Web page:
In the weird, woodland magics of of Brett Manning’s art, one will find a labyrinth of moss-covered pathways and mushroom-dotted clearings, where one might imagine hearing the whispers of faeries and the footsteps of forest spirits.

Whimsy dances hand in hand with shadows and decay, creating a thicket of contrasts that defies simple categorization. While her creations exude a playful charm, there’s an underlying hint of shadow that adds depth and complexity to her work. Think Beatrix Potter goes to the Goblin Market, told via the forested strangeness of a gloomy Twin Peaksian folklore, tinged with the cryptic mystery and intrigue of the X-Files; channel that through an impish imagination, a flair for visual storytelling, and an eye for the uncanny, and you begin to grasp the enigmatic allure of Manning’s realms.

Basically what I am trying to say here is that Brett Manning’s artworks embrace the wild and the wondrous, they are the artistic equalivalent of the unhinged urge to disappear from society and rewild as a feral forest goblin, and embody the idea of a gnome riding on the back of a possom, rolling up to you in a little car made of autumnal forest detritus and saying, “get in losers, we’re gonna admire moss and mushrooms in the forest.”



Faerie Music, Brett Manning, 2021, ink.


Faerie Music in The Art of Fantasy


Faerie Music caption, Korean to English translation


The three images above, let me explain them. The first is “Faerie Music,” which Brett kindly permitted me to include the the pages of The Art of Fantasy: A Treasury of All That Is Unreal.

Here is the caption I wrote for it and which you will find included in the book:

“Fiddling, strumming and tootling through the twilight while lounging about on cosy toadstools, the faerie folk musicians by contemporary artist Brett Manning are a captivating blend of dainty and earthy, and seem envisioned from both ancient books of forest folklore and your favourite well-thumbed local woodland cryptid guide. A maker who wears many hats (probably woven by gnomes with spider silk and beetle wings), Manning’s whimsical, magic creations take the form of illustrations as well as cavorting and capering all over the clothing that she designs.”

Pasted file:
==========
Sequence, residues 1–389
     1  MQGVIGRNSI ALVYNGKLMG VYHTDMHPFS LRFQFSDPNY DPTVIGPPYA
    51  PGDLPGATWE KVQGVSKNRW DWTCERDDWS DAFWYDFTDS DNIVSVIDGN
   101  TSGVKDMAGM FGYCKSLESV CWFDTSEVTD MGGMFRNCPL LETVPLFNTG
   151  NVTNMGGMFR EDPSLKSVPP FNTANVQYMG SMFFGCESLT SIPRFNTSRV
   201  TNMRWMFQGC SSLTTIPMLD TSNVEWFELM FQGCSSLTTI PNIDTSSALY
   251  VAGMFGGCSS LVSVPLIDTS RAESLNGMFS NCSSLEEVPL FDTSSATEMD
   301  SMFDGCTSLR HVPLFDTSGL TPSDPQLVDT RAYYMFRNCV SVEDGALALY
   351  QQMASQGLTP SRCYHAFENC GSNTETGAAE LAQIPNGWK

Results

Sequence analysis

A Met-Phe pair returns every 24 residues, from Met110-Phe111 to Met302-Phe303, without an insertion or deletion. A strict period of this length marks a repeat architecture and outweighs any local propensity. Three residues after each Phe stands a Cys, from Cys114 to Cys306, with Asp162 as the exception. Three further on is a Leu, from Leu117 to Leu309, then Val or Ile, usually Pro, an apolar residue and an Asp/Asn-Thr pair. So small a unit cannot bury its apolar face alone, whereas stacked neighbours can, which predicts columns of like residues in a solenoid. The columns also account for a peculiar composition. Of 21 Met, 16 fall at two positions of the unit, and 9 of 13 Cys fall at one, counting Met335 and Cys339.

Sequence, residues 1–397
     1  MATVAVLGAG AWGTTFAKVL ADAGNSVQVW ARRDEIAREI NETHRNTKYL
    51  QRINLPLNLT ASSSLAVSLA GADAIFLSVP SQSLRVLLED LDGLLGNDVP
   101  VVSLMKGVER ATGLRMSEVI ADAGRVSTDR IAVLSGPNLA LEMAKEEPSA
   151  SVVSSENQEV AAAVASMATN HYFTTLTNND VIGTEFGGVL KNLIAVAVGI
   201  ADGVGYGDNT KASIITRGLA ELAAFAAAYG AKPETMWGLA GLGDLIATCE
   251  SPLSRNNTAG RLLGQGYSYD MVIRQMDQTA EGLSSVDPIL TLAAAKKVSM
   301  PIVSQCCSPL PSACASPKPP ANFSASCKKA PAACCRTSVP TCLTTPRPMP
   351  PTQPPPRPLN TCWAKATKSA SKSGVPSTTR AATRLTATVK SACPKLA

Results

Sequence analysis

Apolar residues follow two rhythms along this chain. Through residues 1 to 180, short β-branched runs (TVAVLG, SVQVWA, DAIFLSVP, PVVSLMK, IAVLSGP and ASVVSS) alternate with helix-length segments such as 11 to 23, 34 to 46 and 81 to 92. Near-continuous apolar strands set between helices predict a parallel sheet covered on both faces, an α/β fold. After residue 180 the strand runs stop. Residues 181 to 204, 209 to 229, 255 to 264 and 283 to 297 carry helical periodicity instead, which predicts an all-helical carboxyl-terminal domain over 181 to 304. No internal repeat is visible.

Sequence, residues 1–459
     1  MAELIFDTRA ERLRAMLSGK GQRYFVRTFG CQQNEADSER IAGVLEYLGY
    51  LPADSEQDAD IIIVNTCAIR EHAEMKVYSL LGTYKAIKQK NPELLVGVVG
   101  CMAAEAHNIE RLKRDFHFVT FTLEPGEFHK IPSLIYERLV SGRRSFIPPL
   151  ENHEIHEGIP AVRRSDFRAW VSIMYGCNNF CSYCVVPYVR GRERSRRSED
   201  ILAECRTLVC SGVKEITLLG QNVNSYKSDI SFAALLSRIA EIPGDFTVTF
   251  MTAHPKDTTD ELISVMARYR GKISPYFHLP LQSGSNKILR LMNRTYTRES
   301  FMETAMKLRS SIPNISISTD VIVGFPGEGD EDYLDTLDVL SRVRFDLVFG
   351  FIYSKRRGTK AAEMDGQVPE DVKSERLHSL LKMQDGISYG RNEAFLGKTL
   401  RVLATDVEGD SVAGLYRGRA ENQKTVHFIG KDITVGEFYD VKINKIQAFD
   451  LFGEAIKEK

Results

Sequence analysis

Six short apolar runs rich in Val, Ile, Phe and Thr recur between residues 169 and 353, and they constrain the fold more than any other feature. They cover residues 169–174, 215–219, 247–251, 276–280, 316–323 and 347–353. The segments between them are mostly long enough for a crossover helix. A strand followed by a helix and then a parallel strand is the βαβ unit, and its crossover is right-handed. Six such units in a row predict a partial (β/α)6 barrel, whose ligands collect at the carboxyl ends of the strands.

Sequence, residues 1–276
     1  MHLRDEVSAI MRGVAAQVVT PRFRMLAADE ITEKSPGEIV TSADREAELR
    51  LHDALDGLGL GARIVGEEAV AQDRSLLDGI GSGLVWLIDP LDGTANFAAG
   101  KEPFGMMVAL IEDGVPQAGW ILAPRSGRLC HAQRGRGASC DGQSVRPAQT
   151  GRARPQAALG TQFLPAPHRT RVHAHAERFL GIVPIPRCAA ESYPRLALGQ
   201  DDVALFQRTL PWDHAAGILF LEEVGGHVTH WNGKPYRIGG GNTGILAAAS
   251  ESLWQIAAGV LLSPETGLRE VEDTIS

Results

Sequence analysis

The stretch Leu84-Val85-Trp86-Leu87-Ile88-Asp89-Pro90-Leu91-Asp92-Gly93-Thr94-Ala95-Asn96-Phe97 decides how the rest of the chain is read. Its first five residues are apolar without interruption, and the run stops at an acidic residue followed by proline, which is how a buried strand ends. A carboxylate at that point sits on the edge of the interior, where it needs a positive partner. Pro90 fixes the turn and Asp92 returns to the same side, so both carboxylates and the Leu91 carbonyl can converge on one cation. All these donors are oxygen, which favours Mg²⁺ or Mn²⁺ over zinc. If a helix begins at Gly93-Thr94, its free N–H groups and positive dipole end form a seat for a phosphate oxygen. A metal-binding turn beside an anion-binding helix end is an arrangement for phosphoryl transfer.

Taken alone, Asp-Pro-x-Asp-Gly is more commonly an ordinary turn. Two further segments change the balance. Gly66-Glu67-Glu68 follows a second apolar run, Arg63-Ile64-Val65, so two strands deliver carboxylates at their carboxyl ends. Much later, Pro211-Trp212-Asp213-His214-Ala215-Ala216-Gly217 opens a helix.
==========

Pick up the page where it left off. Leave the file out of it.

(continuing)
The second image is a photo of Brett’s artwork in the Korean language edition of The Art of Fantasy, and the third photo is from where I ran the Korean caption through a translator, and it gave me back an English version. I don’t think this is actually how it reads in Korean, but …I also kind of hope so?

“Modern painter Brett Manning sat on a cosy poisonous mushroom, in the twilight, played the violin, ripped the harp, drew fairy flute musicians, capturing the elegant earthy nature. In this paining, we can think of both ancient folk tales and our favourite guides to unidentified creatures in our woods and our neighborhood. Manning’s quirky and magical creation, which mainly uses a hat (like a fairy in the ground woven with spider’s webs and beetle wings), is not only embodied in illustrations, but also plays cheerfully in the clothes she designs.”

I love the idea of Brett sitting on a mushroom, playing a violin and ripping a harp, and using a hat to create! Honestly, that may have been better than what I wrote.

Bauchan, Brett Manning
Springtime, Brett Maning

Through her art, Manning invites us to peek into hidden nooks and corners where we can almost hear the lilting melodies played on instruments of nature, a secret serenade echoing through the twilight woods, performed by faeries, cryptids, spirits, and other strange entities that exist on the fringes and in the peripheries.  So next time you find yourself wandering through a sun-dappled sylvan setting, keep an ear out. Perhaps you’ll catch a glimpse of Manning’s whimsical creations, their music weaving a spell of wonder and enchantment, their whispers urging you to get lost in the woods and never to be seen again.

As you contemplate trading modern trappings for the untamed beauty of fanciful forest realms, and perhaps even become one with moss and bugs, indulge in daydreams of the things between and unseen.

Below, a gallery awaits, showcasing my favorites among Manning’s works, inviting you to embark on your own journey through her weird woodland worlds.



Artwork by Brett Manning
Artwork by Brett Manning


Artwork by Brett Manning
Snarly Yow, A West Virginia Cryptid


The Seven Whistlers, Brett Manning


Find Brett Manning: Etsy // Instagram // Book: One Foot In The Green


If you enjoy these art-related writings, or if you have ever enjoyed or been inspired by something I have written, and you would like to support this blog, consider buying the author a coffee?

…or support me on Patreon!

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